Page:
Scott in Saint Paul writes:
I had a very messy divorce and child custody battle with my son’s mother about seven years ago now. Since then she has used him as a pawn to control and manipulate me, and offers him a far less than healthy home environment. She is very good at manipulating the system, and when I attempt to contact Child Services, I am treated like the vindictive ex-husband.
He is now living above an auto repair shop, that is not coded for living space, has no ventilation or fire egress. He sleeps on the floor on a mat, and has no contact with any children his age. She leaves his older sister at their home address every night with her alcoholic housemate. There are plans to “get a house” in March and her two oldest children (not mine), my son, and her new boyfriend will be moving in together. My son has adjustment defiance disorder, and she puts him through all these unstable changes in his life. He has behavior problems in school as a result. I have tried twice to get custody, but she always manages to appear to the court as a good mother. Is there any hope in the future for my son to live with me and a sibling from another woman?
You are in a very difficult position, particularly because you have layer upon layer of issues.
It is very frustrating that Child Services is an understaffed and flawed resource, filled with people who are forced to uphold laws and guidelines that don’t allow for the necessary flexibility to actually discern what is best for the child. Yes, you are treated like a vindictive ex – partly because of the aforementioned reasons, and partly because your frustrations with your son’s situation and the system very quickly rise to the surface when you are dealing with Child Services.
It is not outside of your reach to have your son living with you. As a matter of fact, I see that he eventually will be living with you, but not for a couple more years. It’s not as if he will have no time at his mother’s, but you are coming through as the “primary” parent. At that time, it is at his request, because your relationship with your child will be at a different level than it is now. So, you have that to hold onto, but it is within your power to step up the timeline.
Your son has emotional problems beyond defiance disorder, and his living arrangements certainly aren’t helping him any. He does love his mom, though. He also thinks she needs him. You aren’t the only person she manipulates – your boy is right in the thick of it.
Even though you have to abide by the legal measures that are currently in place, this does not mean you can’t start working to change your son’s living arrangements. Granted, your ex comes through like a raving idiot – so cooperative efforts will be nothing short of challenging, but still worth consistent effort. Ideally, the two of you can overcome your own issues and start working around the courts so that your son can have some stability. Rather than threaten your ex with legal action, simply give her a chance to try and pull her life together – and support those efforts by extending to her that you will take care of your son – no strings attached – while she gets her life and living situation straightened out. She’s probably not going to go for it, but she may allow you to have some more time with your son.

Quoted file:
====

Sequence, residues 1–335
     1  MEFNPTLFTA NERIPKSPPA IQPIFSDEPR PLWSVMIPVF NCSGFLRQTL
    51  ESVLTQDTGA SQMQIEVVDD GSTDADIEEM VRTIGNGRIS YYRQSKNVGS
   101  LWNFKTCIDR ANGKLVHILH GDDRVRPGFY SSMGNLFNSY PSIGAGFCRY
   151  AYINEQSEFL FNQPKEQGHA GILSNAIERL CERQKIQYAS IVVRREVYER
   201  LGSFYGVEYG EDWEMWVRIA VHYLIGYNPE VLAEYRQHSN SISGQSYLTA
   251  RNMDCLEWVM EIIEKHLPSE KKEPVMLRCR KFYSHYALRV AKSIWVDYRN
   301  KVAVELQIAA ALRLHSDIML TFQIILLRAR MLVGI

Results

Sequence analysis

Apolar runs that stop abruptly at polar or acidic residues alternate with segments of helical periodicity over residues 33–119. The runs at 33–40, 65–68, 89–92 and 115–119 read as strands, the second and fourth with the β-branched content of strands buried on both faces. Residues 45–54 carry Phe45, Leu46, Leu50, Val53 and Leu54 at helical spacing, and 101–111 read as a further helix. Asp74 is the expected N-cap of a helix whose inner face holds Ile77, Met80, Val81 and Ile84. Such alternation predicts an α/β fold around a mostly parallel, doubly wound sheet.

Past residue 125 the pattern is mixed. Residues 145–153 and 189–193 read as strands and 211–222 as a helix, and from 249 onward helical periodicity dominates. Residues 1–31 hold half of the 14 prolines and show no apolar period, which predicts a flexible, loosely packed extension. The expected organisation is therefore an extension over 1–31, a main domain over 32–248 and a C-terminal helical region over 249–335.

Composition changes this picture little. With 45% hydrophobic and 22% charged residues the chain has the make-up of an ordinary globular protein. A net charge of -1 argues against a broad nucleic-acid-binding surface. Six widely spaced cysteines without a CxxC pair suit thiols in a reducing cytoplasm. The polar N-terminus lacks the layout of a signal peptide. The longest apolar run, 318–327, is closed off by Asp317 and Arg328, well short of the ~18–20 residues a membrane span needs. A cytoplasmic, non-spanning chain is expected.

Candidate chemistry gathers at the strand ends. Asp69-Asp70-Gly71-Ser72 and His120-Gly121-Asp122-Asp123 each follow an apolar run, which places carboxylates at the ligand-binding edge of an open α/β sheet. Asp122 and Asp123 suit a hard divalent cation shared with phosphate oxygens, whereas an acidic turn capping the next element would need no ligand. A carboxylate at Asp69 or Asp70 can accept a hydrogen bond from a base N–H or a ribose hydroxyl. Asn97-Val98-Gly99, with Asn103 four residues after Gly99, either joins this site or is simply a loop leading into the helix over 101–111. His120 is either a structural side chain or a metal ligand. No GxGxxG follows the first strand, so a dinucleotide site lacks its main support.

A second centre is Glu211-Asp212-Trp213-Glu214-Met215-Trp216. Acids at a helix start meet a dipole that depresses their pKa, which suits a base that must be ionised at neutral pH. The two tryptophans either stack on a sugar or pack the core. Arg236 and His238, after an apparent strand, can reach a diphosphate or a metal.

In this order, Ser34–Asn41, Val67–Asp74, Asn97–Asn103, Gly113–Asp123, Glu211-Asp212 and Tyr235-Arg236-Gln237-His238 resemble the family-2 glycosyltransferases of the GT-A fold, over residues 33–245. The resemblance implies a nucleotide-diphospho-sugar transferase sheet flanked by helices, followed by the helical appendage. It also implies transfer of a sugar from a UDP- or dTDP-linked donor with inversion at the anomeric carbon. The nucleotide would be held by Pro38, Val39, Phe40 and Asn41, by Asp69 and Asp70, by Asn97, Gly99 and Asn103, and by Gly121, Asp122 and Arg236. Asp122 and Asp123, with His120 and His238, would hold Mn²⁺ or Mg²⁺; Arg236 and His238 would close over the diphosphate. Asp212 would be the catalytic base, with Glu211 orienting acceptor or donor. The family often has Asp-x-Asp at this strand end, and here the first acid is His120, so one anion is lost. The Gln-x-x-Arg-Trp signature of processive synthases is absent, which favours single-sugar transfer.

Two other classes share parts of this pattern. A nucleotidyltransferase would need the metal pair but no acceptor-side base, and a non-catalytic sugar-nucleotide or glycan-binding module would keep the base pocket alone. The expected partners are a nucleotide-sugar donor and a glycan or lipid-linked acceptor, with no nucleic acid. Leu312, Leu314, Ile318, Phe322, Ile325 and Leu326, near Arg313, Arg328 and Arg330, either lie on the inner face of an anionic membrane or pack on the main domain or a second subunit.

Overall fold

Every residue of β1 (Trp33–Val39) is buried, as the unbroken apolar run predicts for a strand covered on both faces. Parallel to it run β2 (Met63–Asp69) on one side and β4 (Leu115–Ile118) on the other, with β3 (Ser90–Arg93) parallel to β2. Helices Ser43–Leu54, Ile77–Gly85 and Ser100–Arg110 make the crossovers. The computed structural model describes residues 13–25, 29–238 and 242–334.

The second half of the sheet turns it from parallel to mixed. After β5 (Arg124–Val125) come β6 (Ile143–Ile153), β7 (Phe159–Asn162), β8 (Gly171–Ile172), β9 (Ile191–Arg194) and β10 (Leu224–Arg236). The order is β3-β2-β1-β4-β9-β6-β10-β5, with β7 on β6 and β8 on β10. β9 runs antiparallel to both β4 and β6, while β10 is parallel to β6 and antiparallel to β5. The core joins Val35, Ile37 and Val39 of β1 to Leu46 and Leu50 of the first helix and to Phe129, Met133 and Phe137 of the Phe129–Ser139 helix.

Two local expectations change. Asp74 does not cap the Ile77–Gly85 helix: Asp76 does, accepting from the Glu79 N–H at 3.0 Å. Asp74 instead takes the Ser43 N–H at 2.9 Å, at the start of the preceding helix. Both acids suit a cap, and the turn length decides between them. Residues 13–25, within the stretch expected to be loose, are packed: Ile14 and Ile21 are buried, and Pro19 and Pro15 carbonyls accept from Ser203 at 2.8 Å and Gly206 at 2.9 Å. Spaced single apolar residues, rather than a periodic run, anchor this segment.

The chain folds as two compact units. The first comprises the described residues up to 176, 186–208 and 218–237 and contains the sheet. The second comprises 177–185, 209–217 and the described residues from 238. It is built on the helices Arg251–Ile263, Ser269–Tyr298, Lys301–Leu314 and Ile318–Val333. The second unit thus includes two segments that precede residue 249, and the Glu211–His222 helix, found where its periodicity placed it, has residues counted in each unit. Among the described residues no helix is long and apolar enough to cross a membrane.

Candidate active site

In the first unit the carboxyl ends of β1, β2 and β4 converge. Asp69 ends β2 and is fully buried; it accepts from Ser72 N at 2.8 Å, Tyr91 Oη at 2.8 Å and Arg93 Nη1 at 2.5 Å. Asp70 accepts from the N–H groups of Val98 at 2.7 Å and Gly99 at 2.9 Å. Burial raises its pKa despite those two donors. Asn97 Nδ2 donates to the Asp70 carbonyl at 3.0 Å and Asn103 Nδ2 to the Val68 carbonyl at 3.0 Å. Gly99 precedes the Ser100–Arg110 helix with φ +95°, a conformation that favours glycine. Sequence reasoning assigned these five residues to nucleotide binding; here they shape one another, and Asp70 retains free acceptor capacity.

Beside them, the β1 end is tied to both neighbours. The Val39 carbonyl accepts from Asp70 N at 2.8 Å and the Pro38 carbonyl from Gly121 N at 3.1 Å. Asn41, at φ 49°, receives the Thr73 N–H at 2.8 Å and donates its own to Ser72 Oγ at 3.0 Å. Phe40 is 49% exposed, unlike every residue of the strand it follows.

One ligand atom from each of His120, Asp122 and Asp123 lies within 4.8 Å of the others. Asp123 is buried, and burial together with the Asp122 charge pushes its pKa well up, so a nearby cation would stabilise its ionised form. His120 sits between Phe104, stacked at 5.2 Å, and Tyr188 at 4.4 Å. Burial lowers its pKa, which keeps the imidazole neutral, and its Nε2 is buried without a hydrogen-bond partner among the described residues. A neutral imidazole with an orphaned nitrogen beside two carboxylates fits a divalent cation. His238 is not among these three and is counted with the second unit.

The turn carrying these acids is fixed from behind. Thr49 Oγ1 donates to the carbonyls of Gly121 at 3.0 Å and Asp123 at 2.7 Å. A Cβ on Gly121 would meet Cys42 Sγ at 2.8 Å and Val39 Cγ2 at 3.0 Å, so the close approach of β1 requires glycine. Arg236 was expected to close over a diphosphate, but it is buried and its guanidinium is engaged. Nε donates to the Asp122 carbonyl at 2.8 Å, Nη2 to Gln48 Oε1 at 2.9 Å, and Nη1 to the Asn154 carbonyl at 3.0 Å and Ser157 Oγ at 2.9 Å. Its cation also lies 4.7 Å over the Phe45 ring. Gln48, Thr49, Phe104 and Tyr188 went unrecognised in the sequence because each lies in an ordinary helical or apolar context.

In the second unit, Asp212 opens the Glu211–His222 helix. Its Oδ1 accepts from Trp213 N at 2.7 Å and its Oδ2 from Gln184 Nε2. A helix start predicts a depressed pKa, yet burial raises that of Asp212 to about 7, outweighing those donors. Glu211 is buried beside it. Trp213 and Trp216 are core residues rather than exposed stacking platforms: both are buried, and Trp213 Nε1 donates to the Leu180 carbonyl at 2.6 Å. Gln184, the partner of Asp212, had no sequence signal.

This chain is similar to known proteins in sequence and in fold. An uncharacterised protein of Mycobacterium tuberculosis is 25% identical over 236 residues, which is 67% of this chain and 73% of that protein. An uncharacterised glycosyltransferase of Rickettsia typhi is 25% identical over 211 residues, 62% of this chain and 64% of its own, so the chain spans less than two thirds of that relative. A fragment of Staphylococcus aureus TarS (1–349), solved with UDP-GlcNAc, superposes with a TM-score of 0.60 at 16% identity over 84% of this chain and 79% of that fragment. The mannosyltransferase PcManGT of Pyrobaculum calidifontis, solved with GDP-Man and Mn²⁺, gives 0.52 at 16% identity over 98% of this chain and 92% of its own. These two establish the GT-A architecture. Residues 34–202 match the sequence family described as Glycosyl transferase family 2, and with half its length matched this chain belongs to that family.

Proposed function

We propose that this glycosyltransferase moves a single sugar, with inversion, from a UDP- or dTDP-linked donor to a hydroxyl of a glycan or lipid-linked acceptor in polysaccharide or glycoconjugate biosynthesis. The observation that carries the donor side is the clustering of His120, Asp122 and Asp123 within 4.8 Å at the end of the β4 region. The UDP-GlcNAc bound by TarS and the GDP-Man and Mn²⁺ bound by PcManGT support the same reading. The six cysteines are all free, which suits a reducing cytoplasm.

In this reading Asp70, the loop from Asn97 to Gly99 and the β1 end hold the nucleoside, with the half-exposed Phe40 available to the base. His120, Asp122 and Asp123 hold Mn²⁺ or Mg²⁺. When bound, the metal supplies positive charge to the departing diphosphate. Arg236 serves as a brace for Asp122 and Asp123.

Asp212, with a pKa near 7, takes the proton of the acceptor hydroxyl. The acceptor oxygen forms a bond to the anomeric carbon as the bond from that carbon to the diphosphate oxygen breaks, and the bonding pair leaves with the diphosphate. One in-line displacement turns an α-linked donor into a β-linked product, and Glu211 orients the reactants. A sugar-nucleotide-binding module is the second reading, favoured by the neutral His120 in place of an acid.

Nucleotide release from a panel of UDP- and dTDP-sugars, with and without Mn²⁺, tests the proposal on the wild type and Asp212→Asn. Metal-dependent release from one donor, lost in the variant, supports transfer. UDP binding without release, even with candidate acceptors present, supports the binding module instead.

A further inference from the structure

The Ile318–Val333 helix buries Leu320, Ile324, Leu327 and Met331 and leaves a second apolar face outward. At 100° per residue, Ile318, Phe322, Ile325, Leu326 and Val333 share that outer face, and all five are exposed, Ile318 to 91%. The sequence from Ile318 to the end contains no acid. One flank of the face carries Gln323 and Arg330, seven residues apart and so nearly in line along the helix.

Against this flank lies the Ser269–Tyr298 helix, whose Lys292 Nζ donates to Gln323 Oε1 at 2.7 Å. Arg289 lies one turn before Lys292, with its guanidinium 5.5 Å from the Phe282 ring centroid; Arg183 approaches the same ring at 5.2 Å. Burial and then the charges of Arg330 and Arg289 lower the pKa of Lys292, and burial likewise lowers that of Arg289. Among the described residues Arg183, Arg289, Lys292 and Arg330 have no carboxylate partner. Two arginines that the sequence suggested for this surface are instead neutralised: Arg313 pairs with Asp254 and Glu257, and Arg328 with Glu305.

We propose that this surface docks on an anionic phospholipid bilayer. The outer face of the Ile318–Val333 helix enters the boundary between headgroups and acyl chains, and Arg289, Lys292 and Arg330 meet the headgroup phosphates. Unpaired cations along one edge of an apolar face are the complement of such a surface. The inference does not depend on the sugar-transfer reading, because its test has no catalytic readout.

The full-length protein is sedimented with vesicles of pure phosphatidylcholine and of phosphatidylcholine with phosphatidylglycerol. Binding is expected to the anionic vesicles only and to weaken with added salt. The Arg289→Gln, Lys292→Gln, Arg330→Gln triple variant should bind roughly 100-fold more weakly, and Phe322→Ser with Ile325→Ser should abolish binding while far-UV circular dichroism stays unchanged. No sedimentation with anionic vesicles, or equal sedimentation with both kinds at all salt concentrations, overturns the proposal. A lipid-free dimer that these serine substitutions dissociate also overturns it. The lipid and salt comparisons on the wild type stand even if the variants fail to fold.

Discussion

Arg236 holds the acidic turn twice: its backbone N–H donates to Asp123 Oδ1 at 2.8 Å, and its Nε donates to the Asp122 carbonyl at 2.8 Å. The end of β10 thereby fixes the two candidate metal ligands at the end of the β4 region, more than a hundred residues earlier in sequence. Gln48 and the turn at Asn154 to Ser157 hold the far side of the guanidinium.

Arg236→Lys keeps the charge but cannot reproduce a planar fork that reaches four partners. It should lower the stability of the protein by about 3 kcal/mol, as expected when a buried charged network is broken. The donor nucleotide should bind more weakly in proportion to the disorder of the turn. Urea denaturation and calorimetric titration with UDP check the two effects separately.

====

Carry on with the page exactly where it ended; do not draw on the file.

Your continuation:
To get any legal changes taken care of, you need to get a decent lawyer and a good private detective. Things will get ugly, and it won’t be cheap, but it is the quickest and most effective path I see around you. It is more difficult to prove someone unfit as a parent than most people realize. Custody issues always become character assassinations of parents, and the kids always know more about the situation then they share. Be careful of that. This isn’t about proving that mom is a horrible mother and person of questionable character, it is about giving your son a stable home and a healthy environment where he can be loved by, and have fairly free access to, the people genetically responsible for his existence – and respected by their chosen partners.
Until your son’s situation changes, become more involved by giving him your support and a safe haven at your home when you can have him there. You also may want to become more involved with the teachers, counselors and administration at his school. I think they at times know more about your child than either you or your ex. School is a place where he is “the man,” and his honesty, pain and anger comes out in that arena.
You have no control over how your ex lives her life. The only thing you can do is try and lessen the negative impact of her choices on your son, and try and get him the help he needs – even while he is living with her.